The rise of other schools has lessened the magnitude of Saturday night's Nebraska-Missouri matchup, long viewed as a battle to decide the Big 12 North. But it's still plenty big.
For the No. 17 Tigers, long among the conference also-rans, it's an opportunity to step up. Missouri (4-0) is undefeated entering Big 12 play for the second straight year, but last year finished 8-5 after a 6-0 start.
Missouri's rating is its highest since 1998, prompting a late-night national television slot and the school's first sellout crowd since 2003, when it beat Nebraska to end a 24-game losing streak in the series.
"It's a big game and we can't wait," running back Tony Temple said this week. "We might as well just go play now."
The Tigers will be trying to win their third straight against the Cornhuskers at home, and they carry a higher ranking in the matchup for the first time since 1969. They've yet to win the North, far from a given no matter what happens on Saturday judging by recent successes by Colorado and Kansas State.
Still, it would be a big step. No. 25 Nebraska has an eight-game winning streak against North opponents.
"You can talk about it all you want, but until you do it, until you get it done, then we haven't changed," Missouri coach Gary Pinkel said. "I like to think we are better, I like to think we're more mature, that we can win some of these fourth quarter games, because you're going to have to do that."
Nebraska (4-1, 1-0) had some early shaky outings, notably needing a rally to beat Ball State by one point. The Cornhuskers have been outgained each of the last four weeks, surrendering 610 yards to Ball State. Last week Iowa State ran 102 plays - the most ever against Nebraska - in the Huskers' 35-17 win.
"I think anytime you win restores confidence in what you're doing," coach Bill Callahan said. "Winning grows confidence and teams get momentum and get on a roll."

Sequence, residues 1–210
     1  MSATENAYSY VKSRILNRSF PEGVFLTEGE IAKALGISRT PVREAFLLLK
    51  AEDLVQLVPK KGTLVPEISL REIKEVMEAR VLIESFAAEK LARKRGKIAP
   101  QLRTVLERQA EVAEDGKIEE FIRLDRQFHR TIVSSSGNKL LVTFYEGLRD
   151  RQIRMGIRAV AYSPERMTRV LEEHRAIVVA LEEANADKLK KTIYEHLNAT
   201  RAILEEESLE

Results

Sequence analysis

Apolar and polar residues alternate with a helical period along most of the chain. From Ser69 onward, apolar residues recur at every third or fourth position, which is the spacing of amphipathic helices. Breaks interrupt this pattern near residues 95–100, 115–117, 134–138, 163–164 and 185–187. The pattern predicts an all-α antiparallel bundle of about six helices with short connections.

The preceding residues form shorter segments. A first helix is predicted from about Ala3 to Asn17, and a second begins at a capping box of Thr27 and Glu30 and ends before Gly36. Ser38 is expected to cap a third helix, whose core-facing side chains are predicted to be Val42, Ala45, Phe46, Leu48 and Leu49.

Missouri has been tough to beat at home, going 21-6 since 2003. Plus, an open date last week gave the Tigers an extra week to prepare. Quarterback Chase Daniel said it's almost been "annoying" that he knows so much about this particular opponent.
"We feel like we have a great home-field advantage and it helps us, it really does," Daniel said. "I think people understand that and they'll come out in full force."
The game shapes up as a shootout. Missouri is fifth in the nation in total offense with 544 yards per game with a 42-point average, and Nebraska is 18th with 468 yards and a 36-point average.
Missouri has surrendered 100 points, Nebraska 133.
"If it comes down to that, if that is the shape that the game takes, then I'm all for it," Nebraska quarterback Sam Keller said. "It doesn't really matter how it happens, as long we play well and come in prepared and get ourselves a victory."
Nebraska trailed 10-0 in the second quarter before overcoming Iowa State to win its conference opener for the 31st time in 32 years. The Cornhuskers have beaten a ranked opponent on the road each of the last two seasons.
"What I think is important right now is the rate of improvement relative to everyone else," Callahan said. "If we can maintain that standard, week-in and week-out, that's all I'm looking for."
Whatever happens will not be a big surprise for Pinkel, not with all the upsets already in college football.
"All my friends say to me, 'I can't believe you do this for a living,"' Pinkel said. "Shoot, after Saturday, I was looking at myself in the mirror saying, 'I can't believe you're doing this for a living.' It's unbelievable."